"Cons: My Korean is bad so I get frustrated at times. Also hard to make friends because of my lack of Korean. I miss my dad I miss: fried cheese curds, Culver's and Chick-fil-A..."
"...Korean work culture is stupid (50 hour work weeks are the norm) Korean educational norms are stupid. I'm so upset when I hear my students stay up till 1am doing homework.. they're 11"
Good Fruit, But Robbery
"Lived in Colombia for a long time. I was able to be there because my wife has citizenship so immigration was no big deal."
"Pros: people are nice and friendly, fruit and veg are always in season, the jungle and mountains are beautiful. For the single dudes lemme tell you. Some of those girls were just downright unfair beautiful."
"Cons: them cops are about as crooked as they get, foreigners get robbed a lot, most 'girlfriends' have a real boyfriend or husband back home and only want a gringo for the money, everyone thinks you're rich. Oh, the air pollution was worse than China for about a week so that sucked."
"I loved it there but we hit a point where it was time to come back to America (at least for a w years)."
A Taste of Both
"Lived in the US for 6 years but moved to India about 2 years back (Am Indian citizen not American)"
"Pros: Better but tougher education in India. Cheap street food, so many good snacks (just my opinion but American snacks are more about quantity than about taste, except cheez it's)."
"People I can genuinely have a good conversation (in the US, I felt very very excluded and alone).Better healthcare system."
"Cons:Tech prices are outrageous, literally anything from TVs to Cars, any technology is overpriced cause of taxes. Anything imported, even something like a very cheap cheese made in the US will be overpriced (taxes strike once again)."
"Terrible timings for football(soccer), really annoying but I can understand why."
"Overall, there are benefits in living in both the countries."
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The world is a vast, beautiful place, with so much unknown to most of us. There is an infinite amount of places to visit and reside besides the ones that we've called home. Currently America is in the throes of an existential crisis. There is so much upheaval and turmoil. The tumult can be a lot to take on a daily basis. So it makes sense that some citizens have been daydreaming about a different take on scenery.
Redditor u/BubbaGumpSmollett wanted to hear from Americans about where in the world they would head to when America is not an option by asking.... Americans of Reddit who believe that the USA is a terrible country (for any reason), you are given a free ticket to any country in the world. Which country do you choose and why?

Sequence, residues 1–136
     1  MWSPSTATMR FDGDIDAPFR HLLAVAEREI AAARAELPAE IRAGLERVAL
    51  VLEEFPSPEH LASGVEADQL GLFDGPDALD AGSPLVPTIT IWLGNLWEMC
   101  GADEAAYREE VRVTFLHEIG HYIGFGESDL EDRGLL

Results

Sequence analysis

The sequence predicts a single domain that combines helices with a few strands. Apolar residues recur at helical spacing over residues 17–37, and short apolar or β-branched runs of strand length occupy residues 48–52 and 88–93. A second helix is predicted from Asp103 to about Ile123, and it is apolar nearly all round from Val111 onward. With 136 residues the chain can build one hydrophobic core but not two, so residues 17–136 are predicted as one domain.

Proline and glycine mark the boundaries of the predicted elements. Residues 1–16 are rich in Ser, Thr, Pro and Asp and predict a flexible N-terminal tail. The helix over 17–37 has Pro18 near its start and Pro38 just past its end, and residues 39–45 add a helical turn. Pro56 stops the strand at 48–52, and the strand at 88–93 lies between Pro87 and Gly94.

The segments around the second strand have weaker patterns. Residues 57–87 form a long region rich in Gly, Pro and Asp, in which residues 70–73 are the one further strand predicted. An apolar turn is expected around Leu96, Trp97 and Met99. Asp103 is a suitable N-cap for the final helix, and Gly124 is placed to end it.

Luxembourg, because everybody else in this thread is saying New Zealand and god damn it it's going to be crowded down there before too long.
New Zealand. Good weather, nice people and cool scenery.
Canada, but I'm in Florida and it's kinda not America.
You can drive to Canada you don't even need a ticket.
Norway. Live up in isolation away from the cities. If not that I'd pick Germany. I have an easier time speaking and learning German than Norwegian.
Norwegian is tricky, and duolingo does a bad job teaching Norwegian as it is such a small language with many words for one single thing. German is forced to be taught in schools here, so most of us speak two to three languages.
To the Beach.Giphy
Basically any tropical island.
It has always been my dream to live on my own island even if it's less than 1/2 an acre. (Completely off the grid)
Netherlands would be my choice for a developed country. That place is absolutely gorgeous. (Among many other great features).
A Sensible Place.
I am from the US and have been living in Finland for the last two years. I can confirm that its a very nice place to be. They have a sensible government, great education, wonderful work/life balance, nice mild weather in the south, and strangers don't try to talk to me.😌
Oh Danny Boy.
Ireland because I already moved here and if I could get citizenship here it would be great (visas are a pain in the butt). I'm from Florida and people think I'm nuts for living in Dublin but I think each year I just block out how miserable winter can be.
Amazing how this whole thread is someone saying a place they would love to move to followed by a dozen comments about how that's a horrible idea.
We get it, your country isn't perfect either. Nowhere is. It might not even be "better" than America, however you want to define that. Sometimes it's just nice to imagine living somewhere else when your current life sucks. There's no harm in imagining a better situation for yourself, so let people indulge without all the negativity.
I'd move to Iceland in a heartbeat if citizenship were on the table. It's a beautiful country with a well-run government that actually seems to care whether its citizens thrive. I enjoy the weather, the vibe, and the culture.
So many taxes....
Norway. I hate doing my taxes that much, and they prefill your tax form there. Also I don't hate the US. If you want more money, come to the US. I really don't give a crap about money TBH. Free time is way more important. I'll take a drop in hours and a drop in pay (in the case of being a programmer).
I've thought new Zealand, it's nice and sunny, seems laid back. Canada seems awesome. England Australia. Switzerland. There are so many wonderful choices. I've actually been thinking about this a lot. I think it boils down to anywhere with universal healthcare with a majority of nice people.